The Nation's Oldest Continuously Published Student Newspaper

The Simpsonian

The Nation's Oldest Continuously Published Student Newspaper

The Simpsonian

The Nation's Oldest Continuously Published Student Newspaper

The Simpsonian

Review: The Tortured Poets Department
Review: "The Tortured Poets Department"
by Kyle Werner, Managing Editor & Social Media Manager • April 19, 2024

Well, hello there, fellow tortured poets. I’m glad you’re here. At least “here” on The Simpsonian website. This is my final review of...

SCTV 4/18/24 Final Episode of Semester
by Aaron Wilkins and Sam HyingApril 18, 2024

Jay Byers
Byers reflects on his first year as Simpson's president
by Kenzie Van Haaften, Staff Writer • April 17, 2024

“I remember the first time I stepped foot on campus, and I thought, ‘wow, what a beautiful place. This looks like what a college is supposed...

Review: 1989 (Taylor’s Version)

Review%3A+1989+%28Taylors+Version%29

   Are we back in 2014, when “1989” (stolen version) was released? No, it’s nine years later, and Taylor Swift added “(Taylor’s Version)” to another album. 

   This time, it’s 1989, featuring 16 reclaimed songs, five songs from the vault and one song redone with a feature, for a total of 22 songs added to the list of music actually owned by Taylor. 

   In the midst of the Travis Kelce x Taylor Swift drama (it’s not really “drama”, but just ask a Chief’s fan what it is, and that’s what they’ll tell you it is. No hard feelings. Respectfully, I feel the same way about football), Swift released “1989 (Taylor’s Version)” on Oct. 27, exactly nine years after she released the original album. 

   (Also notable: it had been 112 days since the release of Speak Now (Taylor’s Version) on July 7. Two re-records in one year, bonkers!)

   In case you don’t know what the whole deal is with Taylor Swift re-recording (do you live under a rock?), Swift used to be under Big Machine Records, which took ownership of her songs after she left the label in 2018.  Then, they sold her songs to a different company, Shamrock Holdings, for $300 million. In retaliation, she decided she was going to re-record her first six studio albums so she could actually own her songs. 

   Since then, she has re-recorded “Fearless”, “Red”, “Speak Now” and, now, “1989”. Her albums “Lover”, “Folklore”, “Evermore” and “Midnights” are all owned by Swift, not anyone else.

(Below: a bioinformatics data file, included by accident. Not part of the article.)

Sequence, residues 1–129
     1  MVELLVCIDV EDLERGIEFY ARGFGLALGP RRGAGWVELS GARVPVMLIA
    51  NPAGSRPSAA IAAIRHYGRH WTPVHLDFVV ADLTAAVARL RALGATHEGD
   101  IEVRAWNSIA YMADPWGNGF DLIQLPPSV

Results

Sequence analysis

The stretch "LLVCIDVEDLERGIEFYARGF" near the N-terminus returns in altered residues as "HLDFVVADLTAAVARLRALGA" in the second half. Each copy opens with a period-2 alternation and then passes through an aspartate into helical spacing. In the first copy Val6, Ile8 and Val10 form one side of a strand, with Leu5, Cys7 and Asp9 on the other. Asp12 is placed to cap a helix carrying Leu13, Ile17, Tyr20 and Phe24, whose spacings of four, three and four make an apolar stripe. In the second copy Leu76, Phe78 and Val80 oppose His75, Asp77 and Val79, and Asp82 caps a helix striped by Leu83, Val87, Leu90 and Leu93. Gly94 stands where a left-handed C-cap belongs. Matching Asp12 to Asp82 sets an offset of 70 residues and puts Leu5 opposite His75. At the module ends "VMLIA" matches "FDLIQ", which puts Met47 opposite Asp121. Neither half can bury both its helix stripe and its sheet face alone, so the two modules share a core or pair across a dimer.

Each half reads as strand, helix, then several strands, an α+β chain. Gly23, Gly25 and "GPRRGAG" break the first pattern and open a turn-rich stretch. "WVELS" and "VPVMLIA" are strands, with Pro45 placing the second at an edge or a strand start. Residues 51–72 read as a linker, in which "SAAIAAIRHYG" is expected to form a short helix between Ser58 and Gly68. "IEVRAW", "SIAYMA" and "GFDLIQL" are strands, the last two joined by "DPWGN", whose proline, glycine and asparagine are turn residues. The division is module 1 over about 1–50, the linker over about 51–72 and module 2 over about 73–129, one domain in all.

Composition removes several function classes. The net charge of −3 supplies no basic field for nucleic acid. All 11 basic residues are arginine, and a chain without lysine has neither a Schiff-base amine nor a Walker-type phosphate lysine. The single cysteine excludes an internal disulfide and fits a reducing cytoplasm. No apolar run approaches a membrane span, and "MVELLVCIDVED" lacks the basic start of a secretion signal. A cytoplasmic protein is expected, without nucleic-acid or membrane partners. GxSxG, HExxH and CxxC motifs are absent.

In addition to the re-recordings of these albums, she also includes songs that were written at the time of production but didn’t make the cut (at least according to Big Machine Records).

   But let’s go back to 1989, the year Taylor Swift was born. Wait, no, I mean the album. 

   Originally, if you think of the 1989 album, which was released in 2014, you think of what that year was: YouTubers, Bath & Body Works hand sanitizers and Starbucks. And, for the most part, that is what I always considered the album to be. 

   I’ll be the first to admit, although I was wrong, I wasn’t always a big fan of 1989. I wasn’t able to connect with the songs produced like I could in “Fearless” when I was younger. 

   Now, nine years later and nine years older, I think I’m starting to get it. It’s an emotionally vulnerable album disguised by 2014 pop and overly complex metaphors and other literary devices that I was not able to comprehend as an 11-year-old. 

   Of the original 16 songs, you get the classic break-up songs mixed with songs about standing up to societal standards and emotional recovery. I think the vault songs give some much-needed context. 

   In the stolen version of 1989, the whole picture wasn’t there. In Taylor’s Version, the idea is finally complete, and it tells a whole story: 

  • I’m successful! 
  • But people hate me… 
  • But I’m in a good relationship!
  • Oh wait… it’s not as good as we thought
  • Oh, it’s actually bad… we broke up
  • Here’s why it didn’t work
  • Here’s how it could work
  • Well… I’m finally clean

   And, then, there’s the vault songs: 

  • I never did as well as everyone thought 
  • It was actually really hard for me
  • I hate you! But I’m doing so much better now! 

   The production is always something in question when Taylor re-records her albums. Fans either hate it to begin with, or love it. You can blame Jack Antonoff for that one, but whether we like it or not, she at least actually owns these songs. 

   I am absolutely in love with the polished production value of 1989 (Taylor’s version) because it shows her in her new element, but the original emotion is still all there. 

   My top recorded songs are “Out of The Woods”, “Clean” and “You Are In Love”.

   While some of the raw emotion in her voice is no longer there, we have to realize these are songs from nine years ago, and she definitely feels differently than she did back then. 

   I can’t personally connect to a lot of the songs because I’ve never gone through a nasty breakup that was on the cover of every magazine (sorry to the Harry-stans, but I’m pretty sure them going no-contact was and is for the best), but I can see the whole idea of the world being against you. 

   My top songs from the vault are “Slut!” (because of the juxtaposition of the title; it’s not a girly-pop anthem, but rather the soft and vulnerable love song I think we needed even more) and “Now That We Don’t Talk” (you can’t NOT like this song, sorry not sorry).

   Obviously, I can’t connect in the same way, but her words are so emotionally evocative that I understand what she was going through, and I can see how I can relate to that (even if it is just a sliver of relation).

   1989 (Taylor’s Version) is yet another masterpiece added to the list of “(Taylor’s Version)”.

Leave a Comment
More to Discover
About the Contributor
Kyle Werner
Kyle Werner, Managing Editor & Social Media Manager

Comments (0)

All The Simpsonian Picks Reader Picks Sort: Newest